1. College Debt Comes Home to Roost

    A really fun article which I stumbled upon late Saturday evening:

    NY Times: Boomerang Kids Won’t Leave

    ShacklesI could go on and on about the scam that college debt has become, but I promised myself I wouldn’t do that again. Fact is, this country just moves from one bubble to the next, and Today’s Bubble™ is college debt.

    The article itself is a hoot. But I also highly recommend that you take a look at the 14-photo slideshow which accompanies it, because there you’ll unearth gems like this one from Alexandria, 28 years old, the proud owner of a $90k student-loan chain around her neck:

    I feel like I had no idea what I was doing when I took out those loans. They didn’t really sit us down and talk to us about financial aid or what our options were. I wish they would’ve had a class before you graduate high school, or like the first semester of college: ‘Let me teach you about basic student loans, math, finance, anything that you’re going to need now that you’re 18.’ I wish somebody would’ve been like, Alex, it is not a good idea to take out a loan that has 12.5 percent interest.

    Oh, Alexandria. As Upton Sinclair so succinctly put it, “It is difficult to get a man to understand something when his salary depends on him not understanding it.” The same goes for education: Don’t expect colleges and the rest of the “Big Education” industry to teach you all that basic financial and debt stuff, because their salaries depend on you NOT learning it.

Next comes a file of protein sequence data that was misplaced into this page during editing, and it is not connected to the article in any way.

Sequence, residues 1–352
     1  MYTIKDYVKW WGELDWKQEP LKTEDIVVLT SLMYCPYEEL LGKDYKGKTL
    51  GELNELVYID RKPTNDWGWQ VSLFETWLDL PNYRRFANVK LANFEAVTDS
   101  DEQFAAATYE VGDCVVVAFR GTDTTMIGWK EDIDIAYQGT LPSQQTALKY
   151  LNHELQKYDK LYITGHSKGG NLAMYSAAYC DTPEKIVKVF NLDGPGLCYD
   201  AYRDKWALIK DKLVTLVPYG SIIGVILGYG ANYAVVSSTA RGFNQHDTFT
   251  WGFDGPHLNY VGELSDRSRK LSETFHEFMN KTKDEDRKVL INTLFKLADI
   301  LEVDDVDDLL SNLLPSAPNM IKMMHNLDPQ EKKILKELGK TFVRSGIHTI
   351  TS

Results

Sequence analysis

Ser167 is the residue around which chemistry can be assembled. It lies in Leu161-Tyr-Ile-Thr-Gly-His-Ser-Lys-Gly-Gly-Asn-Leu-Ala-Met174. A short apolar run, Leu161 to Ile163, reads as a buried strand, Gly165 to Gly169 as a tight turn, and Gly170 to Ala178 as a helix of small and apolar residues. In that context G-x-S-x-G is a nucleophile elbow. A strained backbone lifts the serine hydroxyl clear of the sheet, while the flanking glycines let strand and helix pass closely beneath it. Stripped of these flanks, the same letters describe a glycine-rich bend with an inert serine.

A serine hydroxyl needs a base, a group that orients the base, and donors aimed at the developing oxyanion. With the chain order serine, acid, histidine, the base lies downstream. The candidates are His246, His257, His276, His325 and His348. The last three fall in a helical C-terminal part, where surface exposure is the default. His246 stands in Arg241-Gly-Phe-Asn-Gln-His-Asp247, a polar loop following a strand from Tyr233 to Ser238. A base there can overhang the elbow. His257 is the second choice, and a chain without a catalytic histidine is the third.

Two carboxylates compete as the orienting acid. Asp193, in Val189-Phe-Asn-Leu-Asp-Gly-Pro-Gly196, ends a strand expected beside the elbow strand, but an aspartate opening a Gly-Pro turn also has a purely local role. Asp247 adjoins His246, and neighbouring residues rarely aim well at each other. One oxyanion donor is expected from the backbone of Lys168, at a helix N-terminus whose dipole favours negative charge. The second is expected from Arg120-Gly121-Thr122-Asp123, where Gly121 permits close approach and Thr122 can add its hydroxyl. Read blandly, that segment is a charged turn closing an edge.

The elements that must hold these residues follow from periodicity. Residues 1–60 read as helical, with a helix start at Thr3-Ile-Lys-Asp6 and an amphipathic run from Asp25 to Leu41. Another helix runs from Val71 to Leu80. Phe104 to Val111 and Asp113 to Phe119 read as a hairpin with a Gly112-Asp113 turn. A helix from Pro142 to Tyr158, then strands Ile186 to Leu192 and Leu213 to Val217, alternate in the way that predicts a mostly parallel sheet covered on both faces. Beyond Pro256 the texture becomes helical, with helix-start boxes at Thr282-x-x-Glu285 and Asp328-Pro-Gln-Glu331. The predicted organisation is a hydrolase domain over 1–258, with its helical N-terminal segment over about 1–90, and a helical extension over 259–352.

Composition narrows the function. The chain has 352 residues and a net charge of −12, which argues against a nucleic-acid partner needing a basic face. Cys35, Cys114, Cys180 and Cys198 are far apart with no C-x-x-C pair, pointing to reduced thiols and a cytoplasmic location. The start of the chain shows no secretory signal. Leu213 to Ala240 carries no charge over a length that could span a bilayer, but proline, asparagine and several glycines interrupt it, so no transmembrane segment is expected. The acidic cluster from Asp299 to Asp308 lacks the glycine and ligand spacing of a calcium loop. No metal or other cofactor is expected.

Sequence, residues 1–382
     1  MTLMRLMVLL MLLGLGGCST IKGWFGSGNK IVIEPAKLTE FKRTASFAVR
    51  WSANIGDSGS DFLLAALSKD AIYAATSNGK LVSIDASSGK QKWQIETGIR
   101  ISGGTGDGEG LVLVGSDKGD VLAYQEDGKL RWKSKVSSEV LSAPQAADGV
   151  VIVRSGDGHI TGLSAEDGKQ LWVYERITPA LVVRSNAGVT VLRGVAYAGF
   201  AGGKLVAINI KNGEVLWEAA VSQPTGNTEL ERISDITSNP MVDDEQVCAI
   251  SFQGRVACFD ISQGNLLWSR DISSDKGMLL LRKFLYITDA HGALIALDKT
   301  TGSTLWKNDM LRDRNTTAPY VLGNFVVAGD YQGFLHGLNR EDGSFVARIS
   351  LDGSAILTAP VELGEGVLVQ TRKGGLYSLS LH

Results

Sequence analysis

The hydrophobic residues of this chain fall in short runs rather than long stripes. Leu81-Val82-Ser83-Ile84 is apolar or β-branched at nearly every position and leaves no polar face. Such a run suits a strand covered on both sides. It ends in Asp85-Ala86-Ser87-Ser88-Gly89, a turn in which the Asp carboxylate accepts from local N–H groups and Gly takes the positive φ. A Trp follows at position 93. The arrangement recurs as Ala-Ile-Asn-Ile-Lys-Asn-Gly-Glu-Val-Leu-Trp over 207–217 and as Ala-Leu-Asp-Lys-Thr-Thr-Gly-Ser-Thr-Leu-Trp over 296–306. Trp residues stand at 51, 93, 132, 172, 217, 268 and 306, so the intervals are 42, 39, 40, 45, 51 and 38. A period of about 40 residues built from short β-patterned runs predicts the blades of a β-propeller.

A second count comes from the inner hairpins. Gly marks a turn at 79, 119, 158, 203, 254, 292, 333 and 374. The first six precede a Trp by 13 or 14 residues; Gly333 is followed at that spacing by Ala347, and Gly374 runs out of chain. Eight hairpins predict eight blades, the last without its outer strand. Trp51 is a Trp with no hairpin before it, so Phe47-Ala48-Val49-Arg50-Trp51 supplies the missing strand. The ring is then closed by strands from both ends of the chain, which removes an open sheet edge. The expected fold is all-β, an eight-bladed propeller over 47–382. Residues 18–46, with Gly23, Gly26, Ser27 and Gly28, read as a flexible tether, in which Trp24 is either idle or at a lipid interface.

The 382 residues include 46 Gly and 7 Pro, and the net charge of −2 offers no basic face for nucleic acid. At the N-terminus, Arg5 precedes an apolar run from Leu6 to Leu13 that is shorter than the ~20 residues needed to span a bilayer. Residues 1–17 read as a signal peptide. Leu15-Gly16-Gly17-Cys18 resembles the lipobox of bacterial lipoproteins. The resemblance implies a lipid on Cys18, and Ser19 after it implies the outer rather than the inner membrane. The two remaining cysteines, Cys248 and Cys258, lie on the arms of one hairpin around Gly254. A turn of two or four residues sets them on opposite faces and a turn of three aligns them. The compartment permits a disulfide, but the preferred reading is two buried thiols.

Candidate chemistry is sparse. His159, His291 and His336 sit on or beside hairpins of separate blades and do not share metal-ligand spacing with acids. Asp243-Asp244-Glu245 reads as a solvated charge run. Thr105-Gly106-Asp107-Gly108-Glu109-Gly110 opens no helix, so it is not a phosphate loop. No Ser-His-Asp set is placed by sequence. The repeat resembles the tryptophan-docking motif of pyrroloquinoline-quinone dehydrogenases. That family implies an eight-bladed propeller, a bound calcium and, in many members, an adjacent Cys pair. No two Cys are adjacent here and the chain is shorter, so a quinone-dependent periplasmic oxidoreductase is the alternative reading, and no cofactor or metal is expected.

At least, not until you’ve run up student loans to the hilt and paid off all your bursar and textbook bills.

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  2. 1 Response to "College Debt Comes Home to Roost" ...

    1. On August 28, 2014 @ 5:23 pm,
      RogerR wrote:

      I find it interesting that no one gets taught anything about finance in school anymore, This should be the first thing taught in freshman high school, I graduated in 1977 and it still took a while to get the loan thing but I knew people that thought as long as you had checks it was ok to use them whether you had money in the bank or not. the first house I bought I finally figured out that over 30 years at 6% it would cost over 3 times as much as the list price.

      Luckily when I graduated college I only owed 15k I can’t even imagine getting a job to live on and pay off 90k in debt at 12% interest. That is robbery.



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